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John Calhoun Merrill & S. Jack Odell (1983). Philosophy and Journalism.

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  1.  48
    Media Ethics on a Higher Order of Magnitude.Clifford G. Christians - 2008 - Journal of Mass Media Ethics 23 (1):3 – 14.
    Between Summits I and II, media ethics established its legitimacy, summarized into recommendations for the field's future fluorescence. This history points to the challenges through which media ethics moves to another order of magnitude. A historical map of media ethics scholarship since 1980 divides into 5 domains, and each is introduced: theory, social philosophy, religious ethics, technology, and truth. From this content analysis of the literature, an agenda emerges for research and academic study that can raise media ethics to a (...)
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  2.  25
    Predicting Tolerance of Journalistic Deception.Seow Ting Lee - 2005 - Journal of Mass Media Ethics 20 (1):22 – 42.
    In a Web-based survey of 740 investigative journalists, competition and medium emerge as the 2 most salient predictors of journalists' tolerance of deception. Journalists who view competition as an important consideration in ethical decision making are more tolerant of deception. Television journalists have a higher tolerance of deception than print journalists. Overall, organizational factors such as medium and organization size are better predictors of deception tolerance than individual-level variables such as age, education, work experience, journalism as a college major, or (...)
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  3.  23
    Comparative International Media Ethics.Tom Cooper - 1990 - Journal of Mass Media Ethics 5 (1):3 – 14.
    Reviews show that comprehensive studies of international media ethics are necessarily incomplete because not all countries have either media codes or comparable measurement instruments. This article reviews major studies of international and national approaches to media ethics and describes contexts for global studies and comparisons. The three likely universals of truth, responsibility, and the drive for free expression are hypothesized, and codes are explored to see which patterns endured.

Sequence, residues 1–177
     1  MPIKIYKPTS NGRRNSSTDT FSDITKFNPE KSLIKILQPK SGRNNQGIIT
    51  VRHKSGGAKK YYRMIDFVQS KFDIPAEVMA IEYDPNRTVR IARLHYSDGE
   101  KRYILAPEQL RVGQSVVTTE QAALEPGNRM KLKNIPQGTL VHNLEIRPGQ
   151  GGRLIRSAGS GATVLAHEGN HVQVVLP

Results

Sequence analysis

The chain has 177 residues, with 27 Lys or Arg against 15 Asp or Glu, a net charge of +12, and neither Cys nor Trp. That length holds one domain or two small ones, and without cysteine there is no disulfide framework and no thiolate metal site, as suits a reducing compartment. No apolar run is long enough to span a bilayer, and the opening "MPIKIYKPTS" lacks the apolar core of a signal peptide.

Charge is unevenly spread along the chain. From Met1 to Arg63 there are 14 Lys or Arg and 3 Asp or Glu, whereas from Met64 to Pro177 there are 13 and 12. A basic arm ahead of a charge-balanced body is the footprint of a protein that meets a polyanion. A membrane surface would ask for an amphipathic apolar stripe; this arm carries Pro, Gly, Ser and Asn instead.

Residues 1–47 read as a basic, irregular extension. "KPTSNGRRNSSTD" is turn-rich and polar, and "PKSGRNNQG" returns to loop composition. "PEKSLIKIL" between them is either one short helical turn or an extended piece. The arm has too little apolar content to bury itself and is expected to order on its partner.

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  4.  8
    Doing What is Right: Teaching Ethics in Journalism Programs.Paul E. Kostyu - 1990 - Journal of Mass Media Ethics 5 (1):45 – 58.
    This article discusses a serious problem in the way ethics is taught in journalism and mass communication programs. The study is based, in part, on a survey of 359 students who have had varied exposure to university journalism programs. The survey consisted of 87 questions that provided information on the demographics of the participants as well as an opportunity to respond to a series of 25 hypothetical ethical dilemmas. Results indicate that although respondents found most of the hypothetical situations to (...)
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  5.  6
    Disappearance of the Truth and Realism in Television Criticism.Robert R. McConnell - 1990 - Journal of Mass Media Ethics 5 (3):191 – 202.
    Truth and realism have effectively disappeared as critical standards in American television criticism. McConnell researched writings in this area to find what little has been said about truth and realism since 1983. He theorizes that a closed ideological hegemony that is American television makes objective truth uncomfortable, leading to disappearance of truth and realism as a critical standard.
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    'Oikonomia': The Journalist as a Steward.Jerry Harvill - 1988 - Journal of Mass Media Ethics 3 (1):65 – 76.
    This research essay explores the ethical implications of the stewardship metaphor for journalists. A three?part examination of stewardship is undertaken: a philological survey of the Greek vocabularly, from which ?oikonomia?; (stewardship) has arisen; an elaboration of four ethical implications for journalist (journalists? incentive to serve, their delivery but not ownership of messages, their ambiguous authority, and their need for professional discipline); and two critical issues arising from the sterwardship metaphor (to define the master of the journalistic house as the long?term (...)
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    Enforcing Media Codes.Clifford Christians - 1985 - Journal of Mass Media Ethics 1 (1):14 – 21.
    The longstanding debates aver how to enforce codes of ethics reflect a serious flaw in understanding the nature of ?accountability.?; Fuzziness aver that basic notion has allowed the quantity of codes to expand, without any improvement in their quality or in media behavior. The essay maintains that we repeat the same arguments today that moralistic journalists did in the 1920s, because we lack intellectual precision aver such issues as internal vis a vis external controls, ethics vis a vis First Amendment (...)
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